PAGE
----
Feminism Around the World: Trans People in Bolivia Issued IDs Matching Gender Identity For the First Time
Welcome to Feminism Around the World, a weekly feature here at TMS where we focus on women’s lives and feminist concerns… around the world. TMS is a US-based website, but we think it’s important to connect with women all over the globe to applaud successes, report injustices, and amplify the conversation around solutions to gender-based inequality. We’ve written about women in other countries before, but we’d now like to make it a more consistent priority. Because “Until we are all free, we are none of us free.” – Teresa
Bolivia: Trans People Issued IDs Matching Gender Identity For the First Time
This is a weekly column that captures the news from the time between the last installment and this one. This story out of Bolivia happened a week ago, but came through after Feminism Around the World had already posted. Yet, it’s such a milestone that I decided to give it space today. So, forgive the lateness on this one. Such is the way of things.
Back in May of this year, Bolivia passed a Gender Identity Law, which allows transgender Bolivians to change their names and genders on official documents. This is huge, because Bolivia — like much of Latin America — is very conservative, particularly when it comes to the LGBTQIA community.
According to BBC News, Bolivian President Evo Morales has faced criticism on several occasions, because of disparaging comments he’s made with regard to that community. They report, “In November, he apologised after making a jibe implying his health minister may be lesbian. And in 2010, he caused outrage when he said eating chicken rich in estrogen caused men to “deviate from themselves as men.””
When your President is making those comments, it doesn’t exactly bode well for general sentiments in the country. Then again, the Gender Identity Law did pass.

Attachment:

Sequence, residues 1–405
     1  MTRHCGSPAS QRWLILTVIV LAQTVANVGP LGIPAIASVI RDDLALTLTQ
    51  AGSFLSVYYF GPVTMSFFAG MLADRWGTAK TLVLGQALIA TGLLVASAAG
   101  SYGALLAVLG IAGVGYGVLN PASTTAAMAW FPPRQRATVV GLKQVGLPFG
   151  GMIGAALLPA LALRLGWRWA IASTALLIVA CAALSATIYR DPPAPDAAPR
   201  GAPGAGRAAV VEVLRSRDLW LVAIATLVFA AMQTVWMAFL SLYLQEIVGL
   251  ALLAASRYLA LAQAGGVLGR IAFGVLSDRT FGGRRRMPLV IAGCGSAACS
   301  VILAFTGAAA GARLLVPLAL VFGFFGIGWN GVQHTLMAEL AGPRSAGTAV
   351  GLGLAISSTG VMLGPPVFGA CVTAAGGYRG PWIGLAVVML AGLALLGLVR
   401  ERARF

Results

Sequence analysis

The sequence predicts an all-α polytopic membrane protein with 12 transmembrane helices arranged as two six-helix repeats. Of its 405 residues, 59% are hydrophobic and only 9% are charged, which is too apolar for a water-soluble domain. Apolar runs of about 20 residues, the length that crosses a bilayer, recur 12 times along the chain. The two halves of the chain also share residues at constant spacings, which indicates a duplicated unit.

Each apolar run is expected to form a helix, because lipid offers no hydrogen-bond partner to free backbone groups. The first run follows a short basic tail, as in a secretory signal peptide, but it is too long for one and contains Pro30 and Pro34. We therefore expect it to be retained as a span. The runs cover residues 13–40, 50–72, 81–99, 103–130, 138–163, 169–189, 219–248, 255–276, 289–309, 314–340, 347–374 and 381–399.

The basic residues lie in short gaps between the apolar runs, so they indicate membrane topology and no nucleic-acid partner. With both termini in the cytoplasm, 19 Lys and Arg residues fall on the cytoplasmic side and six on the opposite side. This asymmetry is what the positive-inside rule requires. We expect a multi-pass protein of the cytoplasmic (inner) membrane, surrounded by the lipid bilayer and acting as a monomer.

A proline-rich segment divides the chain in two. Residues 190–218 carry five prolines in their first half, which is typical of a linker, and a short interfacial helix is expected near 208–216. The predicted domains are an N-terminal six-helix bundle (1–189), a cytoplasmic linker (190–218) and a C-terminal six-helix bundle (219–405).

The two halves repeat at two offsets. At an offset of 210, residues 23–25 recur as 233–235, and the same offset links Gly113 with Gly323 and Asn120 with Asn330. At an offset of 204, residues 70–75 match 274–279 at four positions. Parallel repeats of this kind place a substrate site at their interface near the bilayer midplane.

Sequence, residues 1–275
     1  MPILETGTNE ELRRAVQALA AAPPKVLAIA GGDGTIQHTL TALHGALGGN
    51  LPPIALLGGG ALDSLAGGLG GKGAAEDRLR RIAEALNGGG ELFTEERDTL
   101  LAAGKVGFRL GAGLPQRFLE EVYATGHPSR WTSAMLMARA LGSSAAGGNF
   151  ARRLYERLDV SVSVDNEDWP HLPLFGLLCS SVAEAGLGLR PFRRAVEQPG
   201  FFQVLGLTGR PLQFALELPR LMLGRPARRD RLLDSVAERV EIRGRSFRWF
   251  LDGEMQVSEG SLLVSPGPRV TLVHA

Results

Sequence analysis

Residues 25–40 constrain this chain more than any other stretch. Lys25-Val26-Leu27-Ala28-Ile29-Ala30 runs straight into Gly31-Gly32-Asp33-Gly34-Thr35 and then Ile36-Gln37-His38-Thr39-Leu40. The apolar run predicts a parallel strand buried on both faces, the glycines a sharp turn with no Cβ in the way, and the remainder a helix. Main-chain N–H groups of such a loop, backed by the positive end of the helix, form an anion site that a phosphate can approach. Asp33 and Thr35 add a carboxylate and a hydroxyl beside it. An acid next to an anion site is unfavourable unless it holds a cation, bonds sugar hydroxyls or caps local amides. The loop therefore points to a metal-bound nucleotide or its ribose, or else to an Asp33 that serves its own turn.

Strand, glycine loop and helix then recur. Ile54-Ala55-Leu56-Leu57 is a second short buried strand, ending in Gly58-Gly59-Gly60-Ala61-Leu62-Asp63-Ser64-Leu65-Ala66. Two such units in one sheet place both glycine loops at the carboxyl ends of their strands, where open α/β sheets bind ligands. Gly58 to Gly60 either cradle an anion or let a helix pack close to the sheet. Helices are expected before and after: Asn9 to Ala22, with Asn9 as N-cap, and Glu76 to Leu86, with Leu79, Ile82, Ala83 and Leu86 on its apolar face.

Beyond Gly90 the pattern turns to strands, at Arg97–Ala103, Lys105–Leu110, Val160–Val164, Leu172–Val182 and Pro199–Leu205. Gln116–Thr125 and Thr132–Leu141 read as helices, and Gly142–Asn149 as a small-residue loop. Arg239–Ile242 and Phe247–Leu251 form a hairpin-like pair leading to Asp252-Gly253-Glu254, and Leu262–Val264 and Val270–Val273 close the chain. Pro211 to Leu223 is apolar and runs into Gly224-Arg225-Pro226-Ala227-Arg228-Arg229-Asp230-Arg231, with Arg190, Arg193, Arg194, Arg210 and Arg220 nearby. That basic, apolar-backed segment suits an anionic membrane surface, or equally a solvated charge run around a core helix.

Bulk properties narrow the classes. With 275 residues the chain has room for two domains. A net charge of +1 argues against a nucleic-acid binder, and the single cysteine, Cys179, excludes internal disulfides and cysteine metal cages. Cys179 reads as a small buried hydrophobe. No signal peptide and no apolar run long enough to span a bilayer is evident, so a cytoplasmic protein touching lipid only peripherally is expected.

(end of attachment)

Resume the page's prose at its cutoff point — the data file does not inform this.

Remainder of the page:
The law went into effect last week, and transgender citizens in Bolivia began to get their new IDs and paperwork, their national government finally recognizing their gender identities as valid.
Pamela Geraldine Valenzuela, who transitioned at the age of 15 and has been an activist and advocate for the trans community for over thirty years, was the first Bolivian trans citizen to be given a new ID card. Check out this video from The Advocate in which Valenzuela, along with several other recipients of new ID cards, are interviewed and give insight into their stories:
About 1,500 people are expected to take advantage of the new law to have their documents changed, and BBC News reports that “similar laws are already in force in Argentina, Colombia, Ecuador and Uruguay.” Meanwhile, same-sex marriage has become legal in Argentina, Brazil, Colombia and Uruguay, as well as some states in Mexico within the past 5-6 years. While there’s still a long way to go, Latin America as a whole has become a safer, more tolerant environment for the LGBTQIA community that it’s ever been before.
Congratulations to the trans community in Bolivia for always fighting and for winning this revolutionary change.
NEWS FROM ELSEWHERE
UKRAINE: “The LGBTQ Activists Fighting for Equality in Ukraine” (Vice, 9/8/16)
UNITED KINGDOM: “Misogyny May Be Recognized Nationally as a Hate Crime Against Women” (Broadly, 9/12/16)
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